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When Best Practices Aren't Good Enough—Putting the Performance Review on Review

by Polly LaBarre on February 15, 2011


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When Best Practices Aren't Good Enough—Putting the Performance Review on Review

It's one of the toughest—and most important—questions in business: How do you mobilize and unleash the best gifts of every single person in your organization? And how do you create an environment and systems for work that ignite extraordinary passion, imagination, and initiative?

Few leaders would discount that imperative, yet it's still remarkable to encounter an organization in which people practices are built around human flourishing rather than designed to satisfy systems. Which is why it's so refreshing and instructive to spend a little time with the companies and individual represented in our outstanding batch of semifinalists for the HCI Human Capital M-Prize. They offer up so many insights and lessons for our collective project here on the MIX.

Take, for instance, the eight-year-old Australian software company Atlassian. Founded with the intent to become "a different kind of software company," Atlassian has also developed a very different way of working. The result: the company stands out as much for its fresh, energetic, relentlessly clever approach to engaging and unleashing people as it does for the software development and collaboration tools it makes.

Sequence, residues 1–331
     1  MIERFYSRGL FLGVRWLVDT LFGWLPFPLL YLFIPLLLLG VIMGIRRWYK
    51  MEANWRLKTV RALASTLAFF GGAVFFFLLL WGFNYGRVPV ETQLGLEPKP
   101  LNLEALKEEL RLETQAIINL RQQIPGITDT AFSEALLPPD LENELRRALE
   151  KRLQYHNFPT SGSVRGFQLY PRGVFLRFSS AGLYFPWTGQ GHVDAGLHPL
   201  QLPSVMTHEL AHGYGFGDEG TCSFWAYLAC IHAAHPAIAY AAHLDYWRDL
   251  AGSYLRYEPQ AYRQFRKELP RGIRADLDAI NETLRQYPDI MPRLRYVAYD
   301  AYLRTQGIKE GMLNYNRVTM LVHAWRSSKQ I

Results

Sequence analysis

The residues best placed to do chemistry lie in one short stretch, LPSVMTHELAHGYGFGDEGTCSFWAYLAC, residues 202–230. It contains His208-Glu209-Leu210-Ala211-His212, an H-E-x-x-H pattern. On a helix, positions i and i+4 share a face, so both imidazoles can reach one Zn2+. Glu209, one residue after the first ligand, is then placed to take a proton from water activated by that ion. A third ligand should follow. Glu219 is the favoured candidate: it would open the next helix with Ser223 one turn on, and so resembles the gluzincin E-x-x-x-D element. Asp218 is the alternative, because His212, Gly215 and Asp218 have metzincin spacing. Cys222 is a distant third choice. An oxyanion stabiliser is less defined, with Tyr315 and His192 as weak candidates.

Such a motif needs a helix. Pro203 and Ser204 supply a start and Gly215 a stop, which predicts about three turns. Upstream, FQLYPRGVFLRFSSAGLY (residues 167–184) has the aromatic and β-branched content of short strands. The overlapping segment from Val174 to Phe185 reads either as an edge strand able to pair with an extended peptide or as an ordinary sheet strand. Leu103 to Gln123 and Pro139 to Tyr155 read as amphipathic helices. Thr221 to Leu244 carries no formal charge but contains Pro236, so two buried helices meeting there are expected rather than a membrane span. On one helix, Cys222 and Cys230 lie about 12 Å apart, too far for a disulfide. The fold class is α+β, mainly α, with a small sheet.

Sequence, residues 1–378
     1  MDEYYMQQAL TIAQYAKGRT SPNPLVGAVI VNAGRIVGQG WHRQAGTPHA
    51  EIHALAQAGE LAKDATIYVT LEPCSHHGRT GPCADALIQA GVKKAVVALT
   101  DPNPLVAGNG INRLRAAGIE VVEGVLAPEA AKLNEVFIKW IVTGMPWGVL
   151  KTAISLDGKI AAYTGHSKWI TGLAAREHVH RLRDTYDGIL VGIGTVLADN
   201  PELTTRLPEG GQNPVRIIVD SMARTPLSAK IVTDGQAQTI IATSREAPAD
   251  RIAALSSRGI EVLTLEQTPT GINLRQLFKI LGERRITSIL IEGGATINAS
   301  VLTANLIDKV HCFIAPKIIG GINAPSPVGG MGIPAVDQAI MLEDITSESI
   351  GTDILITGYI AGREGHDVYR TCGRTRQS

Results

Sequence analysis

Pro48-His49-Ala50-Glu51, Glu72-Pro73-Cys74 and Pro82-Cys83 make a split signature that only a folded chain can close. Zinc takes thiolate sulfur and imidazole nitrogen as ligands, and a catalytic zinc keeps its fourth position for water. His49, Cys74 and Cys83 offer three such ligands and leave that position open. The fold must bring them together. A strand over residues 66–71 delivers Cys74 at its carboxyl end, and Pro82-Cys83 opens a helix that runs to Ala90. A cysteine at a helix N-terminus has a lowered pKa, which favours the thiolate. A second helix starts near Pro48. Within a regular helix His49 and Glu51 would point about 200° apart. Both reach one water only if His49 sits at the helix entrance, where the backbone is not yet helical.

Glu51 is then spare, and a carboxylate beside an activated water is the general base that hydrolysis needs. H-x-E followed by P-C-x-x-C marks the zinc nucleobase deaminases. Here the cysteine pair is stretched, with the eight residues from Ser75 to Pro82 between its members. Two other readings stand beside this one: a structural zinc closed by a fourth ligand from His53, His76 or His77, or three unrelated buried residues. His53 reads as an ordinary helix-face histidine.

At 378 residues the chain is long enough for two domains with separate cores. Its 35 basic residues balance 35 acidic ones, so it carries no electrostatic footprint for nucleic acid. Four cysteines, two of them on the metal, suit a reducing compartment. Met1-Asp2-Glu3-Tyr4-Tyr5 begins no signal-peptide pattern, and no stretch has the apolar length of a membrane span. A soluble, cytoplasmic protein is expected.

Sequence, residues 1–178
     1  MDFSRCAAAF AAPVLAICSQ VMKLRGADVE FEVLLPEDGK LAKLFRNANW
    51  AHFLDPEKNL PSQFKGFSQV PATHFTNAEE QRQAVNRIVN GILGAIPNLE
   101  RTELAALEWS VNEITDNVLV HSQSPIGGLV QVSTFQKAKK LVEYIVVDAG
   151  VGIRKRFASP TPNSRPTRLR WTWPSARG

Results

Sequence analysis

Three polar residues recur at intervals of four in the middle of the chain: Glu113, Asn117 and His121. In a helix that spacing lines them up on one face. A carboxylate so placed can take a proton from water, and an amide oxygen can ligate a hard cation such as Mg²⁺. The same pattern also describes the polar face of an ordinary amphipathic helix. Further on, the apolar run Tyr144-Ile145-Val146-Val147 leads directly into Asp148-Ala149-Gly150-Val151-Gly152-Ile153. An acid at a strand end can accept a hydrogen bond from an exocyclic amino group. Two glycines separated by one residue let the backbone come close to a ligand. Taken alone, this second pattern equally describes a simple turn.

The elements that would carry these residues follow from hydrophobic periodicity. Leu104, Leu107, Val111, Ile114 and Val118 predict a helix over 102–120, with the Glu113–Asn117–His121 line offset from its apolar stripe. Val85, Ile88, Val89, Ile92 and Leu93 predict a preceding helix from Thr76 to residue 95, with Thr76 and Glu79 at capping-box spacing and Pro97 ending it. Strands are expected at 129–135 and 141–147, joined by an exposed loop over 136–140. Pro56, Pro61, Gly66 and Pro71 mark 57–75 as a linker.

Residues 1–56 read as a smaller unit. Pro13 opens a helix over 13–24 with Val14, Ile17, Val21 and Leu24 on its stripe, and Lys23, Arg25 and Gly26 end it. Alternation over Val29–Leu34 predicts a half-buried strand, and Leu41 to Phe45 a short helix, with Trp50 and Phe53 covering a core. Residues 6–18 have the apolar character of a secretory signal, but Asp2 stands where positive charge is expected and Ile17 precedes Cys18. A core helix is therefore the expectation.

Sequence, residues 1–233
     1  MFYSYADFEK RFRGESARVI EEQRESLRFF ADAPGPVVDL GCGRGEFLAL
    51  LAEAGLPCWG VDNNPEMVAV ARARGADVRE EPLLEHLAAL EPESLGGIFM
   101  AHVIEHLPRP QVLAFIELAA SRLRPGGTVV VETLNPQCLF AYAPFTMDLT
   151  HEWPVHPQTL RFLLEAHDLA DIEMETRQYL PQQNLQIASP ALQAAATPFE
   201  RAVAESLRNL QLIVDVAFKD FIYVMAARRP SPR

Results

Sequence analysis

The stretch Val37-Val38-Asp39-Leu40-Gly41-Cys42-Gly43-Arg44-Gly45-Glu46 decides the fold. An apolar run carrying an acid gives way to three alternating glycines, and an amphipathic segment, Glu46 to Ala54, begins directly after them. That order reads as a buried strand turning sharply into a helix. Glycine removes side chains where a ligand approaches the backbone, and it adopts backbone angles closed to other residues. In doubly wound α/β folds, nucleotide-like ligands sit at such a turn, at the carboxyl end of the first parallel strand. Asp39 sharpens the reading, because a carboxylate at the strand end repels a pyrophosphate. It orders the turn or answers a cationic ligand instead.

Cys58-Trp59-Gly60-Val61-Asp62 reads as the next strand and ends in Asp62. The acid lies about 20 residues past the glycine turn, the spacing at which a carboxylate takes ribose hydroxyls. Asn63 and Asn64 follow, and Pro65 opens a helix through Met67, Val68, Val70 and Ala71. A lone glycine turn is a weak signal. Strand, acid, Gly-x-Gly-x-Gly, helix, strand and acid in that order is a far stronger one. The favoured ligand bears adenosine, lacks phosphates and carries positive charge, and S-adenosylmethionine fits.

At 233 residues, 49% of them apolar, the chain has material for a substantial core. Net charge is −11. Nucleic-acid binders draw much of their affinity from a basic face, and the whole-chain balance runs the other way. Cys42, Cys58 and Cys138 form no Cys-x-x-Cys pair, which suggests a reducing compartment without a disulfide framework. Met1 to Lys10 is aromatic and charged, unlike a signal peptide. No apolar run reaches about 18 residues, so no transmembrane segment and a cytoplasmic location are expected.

"Public by Default"
Start with Atlassian's set of distinct, homegrown (and frankly expressed) values. The first on the list is "Open company, no bullshit—Atlassian embraces transparency wherever at all practical, and sometimes where impractical." Many companies advertise their "openness" these days, but few bake it in as deeply as Atlassian. In a flip of standard organizational procedure, the company makes all information (whether internal or external) "public by default."

A remarkable case in point is the company's ongoing experiment in putting the performance review on review. In August of 2010, Joris Luijke, Atlassian's global head of talent, announced a 12-month "public trial" of the company's approach to performance reviews. Luijke and his colleagues not only decided to “rip apart” the obligatory annual time-sink with its dreaded distribution curve, forced rankings, and underwhelming impact—they committed to running their experiment openly and sharing their learnings with the world (you can learn more in Luijke's MIX story).

Atlassian's radical openness not only reflects a spirit of generosity, but also an intrepid practicality. When Luijke says, "Let us be your guinea pig!"—he's acknowledging that when it comes to tackling the most entrenched and dysfunctional aspects of organizational life, no single company or practitioner can solve the problem alone. (And those who share the most are bound to learn the most.)

In just six months, that exuberant approach to experimentation has yielded a compelling blueprint for a lightweight performance review model built on continuous coaching with a strong basis in the science of motivation and engagement—and some signature idiosyncratic flourishes.

"Nothing to Copy"